Keep potatoes on the menu; avoid high calorie extras

Published 9:53 am Friday, January 20, 2017

Keep potatoes on the menu; avoid high calorie extras

Potato is not a bad word, so get your head out of the deep fryer.  Thank goodness for potatoes.  This old standby has literally kept most of the world from starving down through the ages. The Incas feasted on potatoes for thousands of years before the Europeans did.  History tells us that Sir Walter Raleigh planted potatoes on his farm in Ireland and soon convinced everyone over there that potatoes were not poisonous as once thought.  After that the lowly potato became the cash crop of Ireland and eventually showed up in pots all over the world.
Potatoes don’t deserve their recent bad name.  It’s not their fault that so many Americans are overweight and not so healthy.  Some say it’s because they contain bad carbs and that we shouldn’t eat “white” foods.
I’d say it’s rather what we do to them, like frying them in grease and pouring on the salt or loading them up with butter, cheese, sour cream and bacon or eating oversized portions.  But really, potatoes are perfectly fine, nutritious, versatile, and actually not so pricey compared to other fresh vegetables.  Let me explain, I’ll start with the “P”.
P is for power packed. Potatoes are low in sodium, high in potassium, making them good for blood pressure control (minus the grease, added salt, butter, etc., etc.) They are also pretty much fat free, high in vitamins C and B-6, plus they provide us with energy from their complex carbohydrates (fiber). Portion control is the way potatoes work for us without excessive calories or raising blood sugar. Plan for one starch (potatoes, rice, bean, peas, corn, macaroni or other pasta) and one non-starchy vegetable at meal time (green beans, carrots, broccoli, greens, squash, tomatoes, okra, beets, cauliflower, etc.) for the perfect meal plan.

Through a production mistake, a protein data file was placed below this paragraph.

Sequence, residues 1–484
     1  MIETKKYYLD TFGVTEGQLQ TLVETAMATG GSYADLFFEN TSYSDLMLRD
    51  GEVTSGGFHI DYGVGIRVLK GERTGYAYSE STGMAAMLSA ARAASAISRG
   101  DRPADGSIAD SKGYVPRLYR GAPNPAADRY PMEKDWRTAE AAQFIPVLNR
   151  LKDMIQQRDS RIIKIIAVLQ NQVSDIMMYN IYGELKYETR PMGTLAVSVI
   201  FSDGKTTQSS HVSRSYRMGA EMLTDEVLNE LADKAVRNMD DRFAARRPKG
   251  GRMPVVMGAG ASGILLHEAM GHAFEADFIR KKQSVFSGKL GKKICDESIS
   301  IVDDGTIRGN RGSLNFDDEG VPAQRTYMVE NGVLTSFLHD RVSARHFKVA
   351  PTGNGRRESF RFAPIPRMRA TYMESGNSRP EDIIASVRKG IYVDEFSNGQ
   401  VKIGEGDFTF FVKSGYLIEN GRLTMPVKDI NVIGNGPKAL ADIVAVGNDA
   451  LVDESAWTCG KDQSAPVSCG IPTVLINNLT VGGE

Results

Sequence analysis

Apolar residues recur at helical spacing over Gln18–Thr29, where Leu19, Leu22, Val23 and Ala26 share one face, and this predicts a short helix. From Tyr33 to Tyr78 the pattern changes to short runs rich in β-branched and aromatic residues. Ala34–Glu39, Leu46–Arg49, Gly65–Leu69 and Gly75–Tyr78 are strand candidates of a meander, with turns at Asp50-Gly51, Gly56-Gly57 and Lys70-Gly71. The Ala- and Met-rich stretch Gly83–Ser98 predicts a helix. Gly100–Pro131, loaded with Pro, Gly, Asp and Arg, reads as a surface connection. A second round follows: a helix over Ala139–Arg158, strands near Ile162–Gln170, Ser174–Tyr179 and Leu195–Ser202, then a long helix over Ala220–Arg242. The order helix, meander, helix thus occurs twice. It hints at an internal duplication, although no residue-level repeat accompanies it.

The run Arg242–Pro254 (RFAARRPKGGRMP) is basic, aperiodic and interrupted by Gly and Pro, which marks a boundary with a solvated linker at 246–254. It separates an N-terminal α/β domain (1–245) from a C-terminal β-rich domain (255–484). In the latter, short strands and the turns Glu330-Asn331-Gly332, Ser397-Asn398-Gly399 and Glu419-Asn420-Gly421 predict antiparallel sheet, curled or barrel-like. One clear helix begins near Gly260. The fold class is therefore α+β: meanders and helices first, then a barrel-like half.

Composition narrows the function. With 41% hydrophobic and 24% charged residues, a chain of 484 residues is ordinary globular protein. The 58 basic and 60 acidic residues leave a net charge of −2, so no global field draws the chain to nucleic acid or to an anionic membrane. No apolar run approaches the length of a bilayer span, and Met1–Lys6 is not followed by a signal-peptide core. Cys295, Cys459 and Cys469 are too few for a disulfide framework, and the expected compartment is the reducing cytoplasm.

O is for options: Russet potatoes are a good general use potato for mashing, baking and frying. Red potatoes hold their shape well, so they’re good for potato salads, stews, and scalloped. Yukon gold potatoes make great tasting creamed potatoes.  New potatoes are baby potatoes and can be roasted whole or cooked with other vegetables. Fingerlings are also good for roasting whole.
T is for time.  Serve potatoes anytime: breakfast, lunch, supper choosing from hundreds of recipes…. depending on how much time you have!  When time is short microwave one in 5 minutes or less, even pressure cook potatoes to reduce prep to plate time. Or use a convection oven to cut baking time by at least a third! And for added time saving convenience there are potatoes dehydrated, frozen, and canned with extra-long shelf life and extra quick preparation time.
A is what to avoid: potatoes that are wrinkled, sprouted, have bald spots, cracked skins, or a green tinge.  Storing potatoes in the refrigerator causes them to sweeten and darken when cooked.  So, store in a cool, dry, well-ventilated place, unwashed, for up to 2 weeks.  New potatoes should be used in 3 days of purchase.
Then to keep potatoes as a healthy food, avoid extra-large or second servings and all the high fat, high calorie extras. And to avoid too many starchy foods at the same meal remember the one starch rule for meal planning.
T is for tuber.  Botanically a potato is a tuber and is actually related to the day lily. Potatoes are also a member of the nightshade plant family as are tomatoes and eggplants.  There are poisonous members of this plant family, that’s why early Europeans thought that potatoes were too.  Potatoes grow below the soil surface and have to be dug up to be harvested.
O is for more options: There are not so many foods as versatile as the humble potato. Seems like a million ways to prepare them: baked (not once but twice) boiled, grilled, roasted, and fried.  They can be mashed, stuffed, grated, diced, riced, or sliced; cooked slowly in a crock pot or in a hurry in the microwave.  They can even be turned into flour, used to thicken, and they even make divine yeast breads and rolls.  Potatoes go well with any other vegetable and can just about be seasoned to taste like whatever flavor you want.  Too many options.
So please don’t pass up the potatoes.

Recipe of the Week

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Mashed Potatoes
Lumpy potatoes were not acceptable in home ec class.

6 medium potatoes (about 2 pounds)
½ cup milk
3 tablespoons soft butter or margarine
¼ – ½ teaspoon salt
Dash ground black pepper

Peel potatoes. Cut in large chunks or slices.  Place in pot and cover with water.  Cover; turn burner on medium high; heat to boiling; cook until tender, about 20 minutes. Drain well. Place over low heat.  Gently shake pan to dry potatoes for a couple of minutes. Turn off heat. Mash potatoes (can use potato masher) until no lumps remain.  Add milk in small amounts, beating with a fork or whisk after each addition. Add butter, salt and pepper.  Beat until potatoes until are smooth and fluffy.  Dot with another teaspoon butter or margarine and serve immediately.  Makes 4 – 6 servings.